Nevertheless, these remarkable photochromic properties prompted further investigation of the reactions because of the present inventors' interest in the fundamental chemistry of fulgides and their corresponding coloured forms. As a consequence of these investigations, it was found that certain fulgides containing an adamantylidene group underwent a photochemical or thermal ring closure and a thermal 1,5-hydrogen shift to give compounds which surprisingly exhibited heliochromic properties. For example, in the case of adamantylidene [α-3-thienyl)ethylidene] succinic anhydride (structure 7 in FIG. 1 of the accompanying drawings) heating at about 140° C., caused ring closure to the coloured cyclic form (structure 8) which underwent a 1,5-hydrogen shift to the cyclic structure (9) (particularly at temperatures of about 180° C.). While fulgide (7) is not heliochromic, the colourless cyclic structure (9) is heliochromic. On irradiation with ultraviolet light in solution in toluene (even in the presence of white light), it gives the purple/blue coloured form (structure 10) which reverses to the colourless form (structure 9) at ambient temperatures in the absence of u.v. stimulation. Because the coloured form (10) exhibits such a very slow white light reversal, coupled with a relatively fast thermal fade at ambient temperatures, it is potentially valuable for use in photoreactive lenses.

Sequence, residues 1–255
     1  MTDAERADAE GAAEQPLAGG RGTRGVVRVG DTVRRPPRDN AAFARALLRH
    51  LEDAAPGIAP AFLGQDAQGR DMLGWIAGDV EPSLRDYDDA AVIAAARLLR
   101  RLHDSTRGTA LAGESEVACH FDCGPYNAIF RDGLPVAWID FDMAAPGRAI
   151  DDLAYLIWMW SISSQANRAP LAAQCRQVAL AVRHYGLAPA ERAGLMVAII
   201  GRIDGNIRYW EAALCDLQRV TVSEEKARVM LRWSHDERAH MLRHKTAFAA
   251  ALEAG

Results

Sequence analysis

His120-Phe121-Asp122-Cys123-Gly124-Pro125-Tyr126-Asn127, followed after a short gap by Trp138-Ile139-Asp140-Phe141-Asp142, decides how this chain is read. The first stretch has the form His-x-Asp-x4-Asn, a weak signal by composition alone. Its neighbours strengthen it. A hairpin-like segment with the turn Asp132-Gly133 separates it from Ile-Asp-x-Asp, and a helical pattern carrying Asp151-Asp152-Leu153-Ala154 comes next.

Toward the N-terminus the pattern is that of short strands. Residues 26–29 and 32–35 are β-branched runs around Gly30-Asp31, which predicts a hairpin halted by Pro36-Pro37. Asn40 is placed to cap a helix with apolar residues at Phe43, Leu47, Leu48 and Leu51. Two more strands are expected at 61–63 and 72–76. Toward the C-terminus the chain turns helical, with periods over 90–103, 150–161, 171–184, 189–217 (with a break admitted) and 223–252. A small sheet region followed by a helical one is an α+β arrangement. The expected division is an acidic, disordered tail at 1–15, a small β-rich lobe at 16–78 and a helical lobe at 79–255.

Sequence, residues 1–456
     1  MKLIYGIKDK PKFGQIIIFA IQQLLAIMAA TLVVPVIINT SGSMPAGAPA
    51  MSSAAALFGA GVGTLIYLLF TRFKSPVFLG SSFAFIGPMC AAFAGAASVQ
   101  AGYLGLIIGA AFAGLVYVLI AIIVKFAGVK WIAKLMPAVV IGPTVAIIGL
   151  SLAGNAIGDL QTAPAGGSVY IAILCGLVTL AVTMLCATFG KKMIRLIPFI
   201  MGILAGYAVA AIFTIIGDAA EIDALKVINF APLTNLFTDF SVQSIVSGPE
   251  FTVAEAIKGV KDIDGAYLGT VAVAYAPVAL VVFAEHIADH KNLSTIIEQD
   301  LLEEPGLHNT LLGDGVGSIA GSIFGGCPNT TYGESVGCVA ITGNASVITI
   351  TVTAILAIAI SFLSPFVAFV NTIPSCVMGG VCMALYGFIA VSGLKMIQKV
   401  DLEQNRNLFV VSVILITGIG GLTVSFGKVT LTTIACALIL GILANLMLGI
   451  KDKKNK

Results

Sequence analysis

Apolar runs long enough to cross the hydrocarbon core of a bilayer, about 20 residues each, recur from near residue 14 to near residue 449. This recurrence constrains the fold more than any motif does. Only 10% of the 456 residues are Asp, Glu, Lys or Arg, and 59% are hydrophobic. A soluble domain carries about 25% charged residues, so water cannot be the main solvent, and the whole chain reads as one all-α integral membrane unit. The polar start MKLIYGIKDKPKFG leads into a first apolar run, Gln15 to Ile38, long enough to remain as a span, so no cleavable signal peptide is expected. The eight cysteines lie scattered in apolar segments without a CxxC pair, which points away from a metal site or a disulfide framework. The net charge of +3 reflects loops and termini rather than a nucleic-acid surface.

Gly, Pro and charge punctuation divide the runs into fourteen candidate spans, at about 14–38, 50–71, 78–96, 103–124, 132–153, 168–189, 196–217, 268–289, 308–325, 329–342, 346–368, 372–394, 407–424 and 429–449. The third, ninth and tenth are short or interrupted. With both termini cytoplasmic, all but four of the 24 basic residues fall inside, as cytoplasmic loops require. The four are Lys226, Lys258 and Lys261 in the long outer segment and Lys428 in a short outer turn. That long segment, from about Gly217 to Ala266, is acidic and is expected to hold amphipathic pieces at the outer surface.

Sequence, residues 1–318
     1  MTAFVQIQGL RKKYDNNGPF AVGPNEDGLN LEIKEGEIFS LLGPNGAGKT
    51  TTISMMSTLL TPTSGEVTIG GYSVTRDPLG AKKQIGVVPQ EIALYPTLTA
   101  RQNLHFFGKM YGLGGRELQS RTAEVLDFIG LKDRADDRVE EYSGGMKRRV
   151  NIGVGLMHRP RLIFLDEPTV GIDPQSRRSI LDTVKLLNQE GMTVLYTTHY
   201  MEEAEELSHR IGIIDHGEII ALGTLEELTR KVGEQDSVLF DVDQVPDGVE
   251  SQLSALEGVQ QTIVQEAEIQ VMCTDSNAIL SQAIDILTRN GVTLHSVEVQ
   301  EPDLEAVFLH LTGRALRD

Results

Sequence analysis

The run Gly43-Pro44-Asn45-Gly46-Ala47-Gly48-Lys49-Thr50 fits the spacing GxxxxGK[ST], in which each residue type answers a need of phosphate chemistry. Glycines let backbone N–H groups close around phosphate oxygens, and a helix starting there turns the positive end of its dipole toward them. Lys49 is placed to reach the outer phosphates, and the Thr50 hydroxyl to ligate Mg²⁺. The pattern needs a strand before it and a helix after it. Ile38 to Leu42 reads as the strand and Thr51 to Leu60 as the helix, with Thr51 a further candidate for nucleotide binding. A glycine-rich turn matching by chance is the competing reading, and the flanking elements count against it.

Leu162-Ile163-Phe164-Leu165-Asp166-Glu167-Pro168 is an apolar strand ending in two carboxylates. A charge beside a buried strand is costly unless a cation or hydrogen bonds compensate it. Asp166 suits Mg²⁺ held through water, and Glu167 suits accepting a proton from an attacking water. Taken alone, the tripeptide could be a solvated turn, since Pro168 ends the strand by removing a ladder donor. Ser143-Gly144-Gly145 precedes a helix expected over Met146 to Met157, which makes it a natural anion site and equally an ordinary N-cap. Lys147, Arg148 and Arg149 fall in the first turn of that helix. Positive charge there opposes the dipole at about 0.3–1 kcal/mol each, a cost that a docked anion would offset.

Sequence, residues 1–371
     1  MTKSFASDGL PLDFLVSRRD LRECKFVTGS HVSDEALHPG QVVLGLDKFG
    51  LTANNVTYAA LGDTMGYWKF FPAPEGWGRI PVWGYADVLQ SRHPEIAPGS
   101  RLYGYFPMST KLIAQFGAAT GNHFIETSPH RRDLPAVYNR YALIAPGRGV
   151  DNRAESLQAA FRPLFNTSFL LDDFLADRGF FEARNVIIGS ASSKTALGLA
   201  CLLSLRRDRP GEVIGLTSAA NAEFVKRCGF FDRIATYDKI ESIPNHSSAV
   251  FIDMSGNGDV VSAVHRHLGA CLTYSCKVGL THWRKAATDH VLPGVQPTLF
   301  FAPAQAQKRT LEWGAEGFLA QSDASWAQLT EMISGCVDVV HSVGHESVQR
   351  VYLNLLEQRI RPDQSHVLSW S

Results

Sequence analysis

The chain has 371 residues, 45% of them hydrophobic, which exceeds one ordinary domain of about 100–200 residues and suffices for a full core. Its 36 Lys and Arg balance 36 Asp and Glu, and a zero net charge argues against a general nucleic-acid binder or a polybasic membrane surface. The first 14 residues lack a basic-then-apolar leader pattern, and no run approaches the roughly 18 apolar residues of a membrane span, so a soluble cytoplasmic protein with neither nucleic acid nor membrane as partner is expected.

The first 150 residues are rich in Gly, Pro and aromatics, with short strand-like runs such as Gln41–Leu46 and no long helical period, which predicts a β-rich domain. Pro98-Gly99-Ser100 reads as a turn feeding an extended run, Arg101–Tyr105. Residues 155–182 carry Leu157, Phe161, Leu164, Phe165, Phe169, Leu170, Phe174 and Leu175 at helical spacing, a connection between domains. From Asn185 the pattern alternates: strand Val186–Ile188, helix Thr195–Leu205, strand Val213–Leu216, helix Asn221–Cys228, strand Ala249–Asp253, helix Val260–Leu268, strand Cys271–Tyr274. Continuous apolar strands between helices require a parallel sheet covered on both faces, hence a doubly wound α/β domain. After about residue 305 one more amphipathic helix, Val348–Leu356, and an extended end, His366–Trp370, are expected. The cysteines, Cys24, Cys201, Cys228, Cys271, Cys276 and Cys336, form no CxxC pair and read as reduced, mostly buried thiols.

The adamantylidene group possesses a rigid strain free cage structure. Its structure is shown in the accompanying formula drawings. For convenience, the informal shorthand form, ##STR6## is used in this specification to designate the adamantylidene group as indicated at the foot of sheets 3 to 10 of the formula drawings. It is believed that the adamantylidene group plays a vital part in the generation of the heliochromic properties of this invention, because this bulky, stable group weakens the single bond of the six-membered ring of which it forms part, facilitating electrocyclic ring opening on irradiation with ultra-violet light. Attempts have been made to substitute other bulky groups for the adamantylidene group but there appear to be few practical alternative groups. For example, camphor and fenchone would appear at first sight to be suitable alternatives but these ketones failed to undergo the Stobbe reaction, probably because of steric hindrance. Simpler acyclic cyclic and bicyclic ketones do undergo the Stobbe reaction and the corresponding half esters can be hydrolysed to the diacids and hence to the corresponding fulgides. Although the latter are often photochromic, heating does not produce a heliochromic derivative.
The adamantylidene group need not be attached to the group ##STR7## where this represents a heterocyclic group, via the carbon atom adjacent to the heteroatom. For example, referring to structural formula 9 (sheet 1 of the drawings) the adamantylidene group need not be attached to the thienyl group via the 2-position but could equally be attached via the 3-position as shown in structural formula (9A).